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Under Henry III. the Jews, as before, held offices of State; and one in particular, Don Meir, physician to the King, was high in honour and trust; yet, in the same reign, especially during the minority of the King, several violent outbreaks and bloody persecutions were raised against the Jewish inhabitants of different cities. At Seville, the Archbishop in person stirred up

, the populace, by a sermon, to fall upon the Jews, and the tumult was with difficulty quelled by the severe measures of the civil and military authorities.

In the year following, 1391, these disturbances were repeated, and the Jewish quarter attacked and burnt to ashes. This fearful example spread, as by contagion, to the towns of Cordova, Madrid, Toledo, over the whole of Catalonia, and even to the Isle of Majorca, where John I. of Arragon caused its leaders to be severely punished. The number of Jews said to have lost their life is estimated at ten thousand, and the places in which the outbreak occurred are numbered at seventy. Many fled to Africa to escape persecution, among whom was the Rabbi Bar Zemach, of Oran, celebrated for his learned writings, and his elegies on the events of that period. Others in the terror of the moment went over to the Romish Church.

The first years of the reign of John II., who succeeded his father while yet a child (1406), were unfavourable to the Jews. A royal mandate, dated Valladolid, 1412, in a series of twenty-four articles, contained the most oppressive enactments which had ever been promulgated against them, since the time of the later Visigothic kings. The Jews, and also the Moors, were thenceforth to confine themselves to a separate quarter, on pain of death, -not to converse with Christians, or to have Christians in their service,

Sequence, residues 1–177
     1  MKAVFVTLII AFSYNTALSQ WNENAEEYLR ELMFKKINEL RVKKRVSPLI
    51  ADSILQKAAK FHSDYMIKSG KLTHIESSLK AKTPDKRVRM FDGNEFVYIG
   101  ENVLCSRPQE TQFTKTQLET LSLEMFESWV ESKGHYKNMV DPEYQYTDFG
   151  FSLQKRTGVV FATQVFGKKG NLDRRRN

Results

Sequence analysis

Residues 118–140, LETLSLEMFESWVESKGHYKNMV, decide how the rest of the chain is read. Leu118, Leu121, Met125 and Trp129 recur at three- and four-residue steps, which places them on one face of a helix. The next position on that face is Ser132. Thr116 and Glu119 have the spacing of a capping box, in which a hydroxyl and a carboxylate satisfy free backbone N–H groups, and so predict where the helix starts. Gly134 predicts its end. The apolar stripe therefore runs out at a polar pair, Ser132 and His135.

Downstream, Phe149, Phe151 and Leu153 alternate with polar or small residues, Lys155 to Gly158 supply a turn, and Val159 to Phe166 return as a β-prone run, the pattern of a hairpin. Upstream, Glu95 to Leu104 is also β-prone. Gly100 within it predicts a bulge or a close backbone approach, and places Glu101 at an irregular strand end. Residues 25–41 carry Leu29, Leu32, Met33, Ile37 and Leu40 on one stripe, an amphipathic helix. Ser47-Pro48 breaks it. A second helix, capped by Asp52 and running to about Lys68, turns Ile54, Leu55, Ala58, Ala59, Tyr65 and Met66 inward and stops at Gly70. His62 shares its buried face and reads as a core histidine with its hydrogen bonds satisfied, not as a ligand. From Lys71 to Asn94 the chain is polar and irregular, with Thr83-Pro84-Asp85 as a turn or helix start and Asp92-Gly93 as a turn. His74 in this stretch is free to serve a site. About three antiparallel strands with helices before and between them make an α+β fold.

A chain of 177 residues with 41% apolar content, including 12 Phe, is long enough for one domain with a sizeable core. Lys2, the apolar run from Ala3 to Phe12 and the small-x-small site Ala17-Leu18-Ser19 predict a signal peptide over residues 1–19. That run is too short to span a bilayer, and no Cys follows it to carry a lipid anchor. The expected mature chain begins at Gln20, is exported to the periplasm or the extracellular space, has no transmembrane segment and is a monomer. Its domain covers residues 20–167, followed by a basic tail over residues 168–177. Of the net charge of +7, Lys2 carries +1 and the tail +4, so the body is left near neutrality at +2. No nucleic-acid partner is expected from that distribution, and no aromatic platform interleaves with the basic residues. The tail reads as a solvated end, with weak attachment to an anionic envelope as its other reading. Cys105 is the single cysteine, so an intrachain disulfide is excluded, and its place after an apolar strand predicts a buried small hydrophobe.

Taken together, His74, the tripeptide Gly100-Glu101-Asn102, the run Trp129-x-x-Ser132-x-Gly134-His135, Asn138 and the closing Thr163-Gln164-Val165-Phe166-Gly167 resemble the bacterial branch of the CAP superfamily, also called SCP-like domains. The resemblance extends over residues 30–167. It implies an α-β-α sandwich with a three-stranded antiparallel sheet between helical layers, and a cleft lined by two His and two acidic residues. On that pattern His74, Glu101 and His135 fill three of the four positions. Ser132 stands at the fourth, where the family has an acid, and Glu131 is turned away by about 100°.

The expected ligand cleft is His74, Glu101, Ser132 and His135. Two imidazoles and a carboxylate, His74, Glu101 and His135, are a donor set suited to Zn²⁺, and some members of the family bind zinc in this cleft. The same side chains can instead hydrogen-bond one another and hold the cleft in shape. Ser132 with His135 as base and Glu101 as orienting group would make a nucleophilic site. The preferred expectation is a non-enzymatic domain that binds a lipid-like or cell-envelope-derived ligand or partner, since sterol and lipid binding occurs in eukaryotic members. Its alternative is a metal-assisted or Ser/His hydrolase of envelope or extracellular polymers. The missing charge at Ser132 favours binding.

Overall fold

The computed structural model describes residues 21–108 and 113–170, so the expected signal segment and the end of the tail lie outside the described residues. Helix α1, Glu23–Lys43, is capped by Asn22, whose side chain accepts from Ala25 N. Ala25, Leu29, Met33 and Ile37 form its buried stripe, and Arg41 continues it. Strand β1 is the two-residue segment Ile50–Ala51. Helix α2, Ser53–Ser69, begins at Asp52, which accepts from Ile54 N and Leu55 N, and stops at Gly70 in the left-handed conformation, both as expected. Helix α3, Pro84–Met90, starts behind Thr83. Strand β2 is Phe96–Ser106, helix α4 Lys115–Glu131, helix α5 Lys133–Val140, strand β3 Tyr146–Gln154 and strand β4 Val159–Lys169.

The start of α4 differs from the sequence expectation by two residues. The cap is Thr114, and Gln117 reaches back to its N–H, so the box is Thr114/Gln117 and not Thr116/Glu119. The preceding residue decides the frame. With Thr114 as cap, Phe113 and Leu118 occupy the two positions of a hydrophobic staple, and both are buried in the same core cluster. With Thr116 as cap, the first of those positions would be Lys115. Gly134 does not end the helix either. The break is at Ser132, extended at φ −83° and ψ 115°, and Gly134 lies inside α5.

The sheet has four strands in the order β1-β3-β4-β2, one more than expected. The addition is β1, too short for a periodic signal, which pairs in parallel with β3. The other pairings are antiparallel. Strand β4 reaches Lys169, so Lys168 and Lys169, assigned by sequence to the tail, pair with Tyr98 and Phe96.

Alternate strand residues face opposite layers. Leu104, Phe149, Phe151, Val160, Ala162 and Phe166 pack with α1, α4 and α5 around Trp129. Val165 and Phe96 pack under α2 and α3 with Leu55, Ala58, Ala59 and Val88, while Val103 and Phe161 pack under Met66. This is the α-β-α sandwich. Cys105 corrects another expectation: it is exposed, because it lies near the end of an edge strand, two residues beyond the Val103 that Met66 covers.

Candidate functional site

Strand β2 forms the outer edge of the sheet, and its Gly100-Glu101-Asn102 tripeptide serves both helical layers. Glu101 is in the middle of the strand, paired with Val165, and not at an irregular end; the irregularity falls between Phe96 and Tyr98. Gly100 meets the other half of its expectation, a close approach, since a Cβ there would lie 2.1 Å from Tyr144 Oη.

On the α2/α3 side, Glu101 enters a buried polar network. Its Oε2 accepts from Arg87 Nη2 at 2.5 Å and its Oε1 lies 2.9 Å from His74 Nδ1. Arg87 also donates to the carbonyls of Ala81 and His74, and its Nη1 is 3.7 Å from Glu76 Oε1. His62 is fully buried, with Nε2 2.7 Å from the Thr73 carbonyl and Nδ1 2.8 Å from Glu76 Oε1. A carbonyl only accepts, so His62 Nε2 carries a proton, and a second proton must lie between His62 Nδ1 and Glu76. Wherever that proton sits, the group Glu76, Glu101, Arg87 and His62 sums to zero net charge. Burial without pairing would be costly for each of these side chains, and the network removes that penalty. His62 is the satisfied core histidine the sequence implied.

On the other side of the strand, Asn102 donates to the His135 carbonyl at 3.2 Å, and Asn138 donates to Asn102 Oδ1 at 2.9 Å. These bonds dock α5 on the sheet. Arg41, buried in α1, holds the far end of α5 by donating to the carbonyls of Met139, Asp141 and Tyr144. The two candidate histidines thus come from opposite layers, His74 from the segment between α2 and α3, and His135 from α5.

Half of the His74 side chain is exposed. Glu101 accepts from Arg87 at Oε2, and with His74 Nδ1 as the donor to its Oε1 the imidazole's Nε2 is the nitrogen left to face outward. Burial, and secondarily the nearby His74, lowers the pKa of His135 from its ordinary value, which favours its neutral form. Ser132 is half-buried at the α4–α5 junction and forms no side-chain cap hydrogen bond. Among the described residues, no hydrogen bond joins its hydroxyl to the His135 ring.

-not to practise as physicians or apothecaries,-not to be high treasurer to the King, or steward to any of the nobility, not even to work at trades for the Christians. They were no longer to have judges of their own nation, nor to observe their peculiar laws and customs; they might not even tax them. selves for the maintenance of the synagogue, nor share as they liked the taxes imposed by the King. They were ordered to wear a peculiar dress, the form even of which was prescribed to them. The title of Don was forbidden, and the power of quitting the kingdom at will, taken from them. These laws were too absurd to be put in force, and the Jews knew that they possessed too much power and influence to be compelled to submit to them. Yet, though under a different name, they continued, during the reign of John II, (for nearly fifty years), and that of his son Henry IV. (from 1454 to 1474), to retain their former connexion with the State. They were baptized in crowds in different parts of Spain, either in consequence of intolerable persecution, or, in some cases, of real conviction, of which we shall soon mention some bright examples. These families formed an entirely new body, who were long distinguished from the old Christian population by the designation of “ Conversos,” or New Christians. The influence of these converts became, in the fifteenth century, as extensive and important as that of the unconverted or unbaptized Jews of earlier times. They held the chief offices of state, and were about the person of the King, being especially favoured by Don Alvar de Lema, the powerful minister of John II. The preference shown both to the Conversos and to the Jews in the reign of Henry IV. was made matter of complaint against that monarch, who naturally looked upon them as his most faithful partizans; and sanguinary contests were often the consequence. On one occasion, when the populace made an attack upon the Jews and Conversos at Jaen, the high constable, Don Miguel Lucas Tranga, who had taken their part, was put to death while attending mass. The town of Cordova, and many others, witnessed similar scenes of civil war, arising from religious or political jealousies. The Jews and Conversos in this time of anarchy took up arms in all parts of Castile, hired troops to defend themselves, or removed to Palma and Seville. From thence a considerable party, with Pedro de Herrera at its head, went to the Duke of Medina Sidonia, and opened a negotiation with him, requesting that the town and fortress of Gibraltar might, on the payment of a considerable sum, be made over to the Conversos as their own possession.